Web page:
Pennsylvania has the highest percentage of structurally deficient bridges in the country, according to the Federal Highway Administration. This is the best of the bad news, however, as the state's bridges get a better grade than its roads and mass transit systems.
A report card released by the American Society of Civil Engineers gave PA bridges a C grade. Twenty-seven percent of them are structurally deficient, compared to 12 percent nationwide. The report said that there are $11 billion in "immediately needed" repairs and that the damage is due to winter weather and age, with the average bridge being 50 years old.
The state's mass transit systems received a D-minus. Economic troubles are at the heart of the problem, says the Governor's Transportation Funding and Reform Commission. Decreases in revenue and increases in fuel and healthcare costs resulted in service reductions and fare increases.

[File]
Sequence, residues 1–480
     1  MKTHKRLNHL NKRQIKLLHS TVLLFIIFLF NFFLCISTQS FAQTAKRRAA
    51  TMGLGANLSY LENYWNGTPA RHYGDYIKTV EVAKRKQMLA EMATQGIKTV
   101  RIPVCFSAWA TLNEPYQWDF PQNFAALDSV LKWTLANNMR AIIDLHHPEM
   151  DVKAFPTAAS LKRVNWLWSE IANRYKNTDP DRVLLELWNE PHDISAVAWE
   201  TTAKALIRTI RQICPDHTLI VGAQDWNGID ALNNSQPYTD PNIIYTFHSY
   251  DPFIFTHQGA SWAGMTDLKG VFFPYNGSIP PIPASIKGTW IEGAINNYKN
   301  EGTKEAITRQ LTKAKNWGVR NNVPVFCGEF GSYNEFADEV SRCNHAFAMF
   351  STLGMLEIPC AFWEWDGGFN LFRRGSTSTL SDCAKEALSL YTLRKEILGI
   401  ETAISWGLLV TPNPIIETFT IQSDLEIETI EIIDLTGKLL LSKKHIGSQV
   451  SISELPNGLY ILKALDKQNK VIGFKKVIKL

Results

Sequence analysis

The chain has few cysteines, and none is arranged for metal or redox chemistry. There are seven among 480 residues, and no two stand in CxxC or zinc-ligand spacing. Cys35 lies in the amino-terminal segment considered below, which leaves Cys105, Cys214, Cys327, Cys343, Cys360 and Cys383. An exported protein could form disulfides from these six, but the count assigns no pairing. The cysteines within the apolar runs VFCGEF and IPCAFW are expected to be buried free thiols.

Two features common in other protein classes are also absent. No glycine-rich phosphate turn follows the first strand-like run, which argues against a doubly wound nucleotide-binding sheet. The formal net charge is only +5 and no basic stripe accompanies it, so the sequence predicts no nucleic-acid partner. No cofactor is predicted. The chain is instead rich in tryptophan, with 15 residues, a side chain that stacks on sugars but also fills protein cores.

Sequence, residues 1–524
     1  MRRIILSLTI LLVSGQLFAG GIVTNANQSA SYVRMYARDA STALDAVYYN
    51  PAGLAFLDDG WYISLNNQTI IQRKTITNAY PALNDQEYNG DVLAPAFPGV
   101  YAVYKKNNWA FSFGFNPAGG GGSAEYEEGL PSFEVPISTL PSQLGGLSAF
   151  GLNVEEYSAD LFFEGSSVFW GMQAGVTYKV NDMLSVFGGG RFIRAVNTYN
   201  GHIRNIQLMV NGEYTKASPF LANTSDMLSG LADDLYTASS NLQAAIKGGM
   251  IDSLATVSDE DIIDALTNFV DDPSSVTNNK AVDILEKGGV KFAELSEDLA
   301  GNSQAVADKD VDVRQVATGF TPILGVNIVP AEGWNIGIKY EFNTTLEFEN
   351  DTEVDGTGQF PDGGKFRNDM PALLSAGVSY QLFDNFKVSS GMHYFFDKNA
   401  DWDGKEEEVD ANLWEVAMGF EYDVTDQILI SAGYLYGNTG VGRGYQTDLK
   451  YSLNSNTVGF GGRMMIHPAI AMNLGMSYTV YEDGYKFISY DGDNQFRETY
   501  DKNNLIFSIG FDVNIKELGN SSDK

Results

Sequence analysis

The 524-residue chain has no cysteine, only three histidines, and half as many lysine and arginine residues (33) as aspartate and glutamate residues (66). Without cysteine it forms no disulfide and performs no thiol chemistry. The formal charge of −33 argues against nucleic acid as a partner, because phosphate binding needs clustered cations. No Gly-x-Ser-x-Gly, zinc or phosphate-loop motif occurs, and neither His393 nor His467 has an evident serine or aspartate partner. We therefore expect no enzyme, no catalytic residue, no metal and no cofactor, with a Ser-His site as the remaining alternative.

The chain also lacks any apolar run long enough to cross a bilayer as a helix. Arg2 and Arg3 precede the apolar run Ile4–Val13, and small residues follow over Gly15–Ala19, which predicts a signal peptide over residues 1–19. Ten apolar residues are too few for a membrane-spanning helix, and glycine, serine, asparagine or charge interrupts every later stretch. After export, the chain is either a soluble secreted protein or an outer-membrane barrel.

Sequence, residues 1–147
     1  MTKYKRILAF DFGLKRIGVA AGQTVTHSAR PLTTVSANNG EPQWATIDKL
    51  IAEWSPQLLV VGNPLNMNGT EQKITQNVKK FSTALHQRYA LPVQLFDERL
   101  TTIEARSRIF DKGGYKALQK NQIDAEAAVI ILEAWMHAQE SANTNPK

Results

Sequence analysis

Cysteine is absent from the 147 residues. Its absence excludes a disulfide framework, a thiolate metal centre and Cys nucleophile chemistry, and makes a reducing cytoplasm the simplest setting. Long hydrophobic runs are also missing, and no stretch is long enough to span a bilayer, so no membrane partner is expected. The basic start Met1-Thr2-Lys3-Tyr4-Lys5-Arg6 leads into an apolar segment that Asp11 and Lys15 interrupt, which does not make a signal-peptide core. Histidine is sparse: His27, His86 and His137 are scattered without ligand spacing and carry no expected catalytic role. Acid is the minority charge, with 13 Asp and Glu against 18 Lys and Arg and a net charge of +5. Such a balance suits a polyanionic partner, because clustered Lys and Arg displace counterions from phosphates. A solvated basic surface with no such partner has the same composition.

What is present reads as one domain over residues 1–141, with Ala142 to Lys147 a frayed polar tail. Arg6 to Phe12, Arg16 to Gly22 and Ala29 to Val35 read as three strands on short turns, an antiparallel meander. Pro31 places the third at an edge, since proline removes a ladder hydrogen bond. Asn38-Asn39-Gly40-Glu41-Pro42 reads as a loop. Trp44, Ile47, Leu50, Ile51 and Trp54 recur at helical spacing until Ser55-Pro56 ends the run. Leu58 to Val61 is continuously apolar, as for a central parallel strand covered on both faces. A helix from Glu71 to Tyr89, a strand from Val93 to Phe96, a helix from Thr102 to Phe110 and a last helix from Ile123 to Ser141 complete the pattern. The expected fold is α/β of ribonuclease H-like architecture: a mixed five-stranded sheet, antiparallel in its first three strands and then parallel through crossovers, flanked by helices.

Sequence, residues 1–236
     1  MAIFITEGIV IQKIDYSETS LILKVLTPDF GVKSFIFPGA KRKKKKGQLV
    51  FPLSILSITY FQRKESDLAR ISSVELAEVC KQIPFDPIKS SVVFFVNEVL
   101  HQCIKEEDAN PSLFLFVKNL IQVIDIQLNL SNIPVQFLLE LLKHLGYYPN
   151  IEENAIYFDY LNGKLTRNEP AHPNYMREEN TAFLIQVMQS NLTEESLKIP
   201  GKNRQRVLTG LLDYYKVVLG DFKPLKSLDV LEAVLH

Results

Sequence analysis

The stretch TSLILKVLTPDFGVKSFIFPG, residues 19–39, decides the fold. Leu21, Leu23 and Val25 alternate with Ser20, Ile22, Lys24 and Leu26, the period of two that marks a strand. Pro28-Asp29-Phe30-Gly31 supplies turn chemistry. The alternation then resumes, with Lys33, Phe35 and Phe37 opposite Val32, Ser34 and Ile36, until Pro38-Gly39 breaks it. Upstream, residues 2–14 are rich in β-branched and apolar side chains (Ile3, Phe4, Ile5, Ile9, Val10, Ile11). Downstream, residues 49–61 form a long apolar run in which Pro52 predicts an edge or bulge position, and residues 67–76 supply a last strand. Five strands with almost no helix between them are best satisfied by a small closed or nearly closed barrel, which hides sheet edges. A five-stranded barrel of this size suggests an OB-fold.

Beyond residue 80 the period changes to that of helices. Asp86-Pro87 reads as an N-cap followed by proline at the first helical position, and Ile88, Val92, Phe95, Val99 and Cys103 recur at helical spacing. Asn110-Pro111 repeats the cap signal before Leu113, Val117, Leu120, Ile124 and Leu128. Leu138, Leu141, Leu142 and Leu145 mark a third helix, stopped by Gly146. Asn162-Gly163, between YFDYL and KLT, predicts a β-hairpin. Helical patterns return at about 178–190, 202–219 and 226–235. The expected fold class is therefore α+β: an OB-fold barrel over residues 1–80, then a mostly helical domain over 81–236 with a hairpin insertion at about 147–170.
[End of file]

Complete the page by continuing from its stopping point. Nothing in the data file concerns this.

Finally, roads received a D-minus as well. Thirty-eight percent of Pennsylvania's roads are in fair or poor condition. Truck traffic on the state's interstate highways is twice the national average, and Pennsylvania ranks fifth in the country for miles of state-owned highways. Due to a lack of funding, only five percent of the Pennsylvania Department of Transportation's budget is funneled into new projects, with the rest going towards the maintenance of existing roads.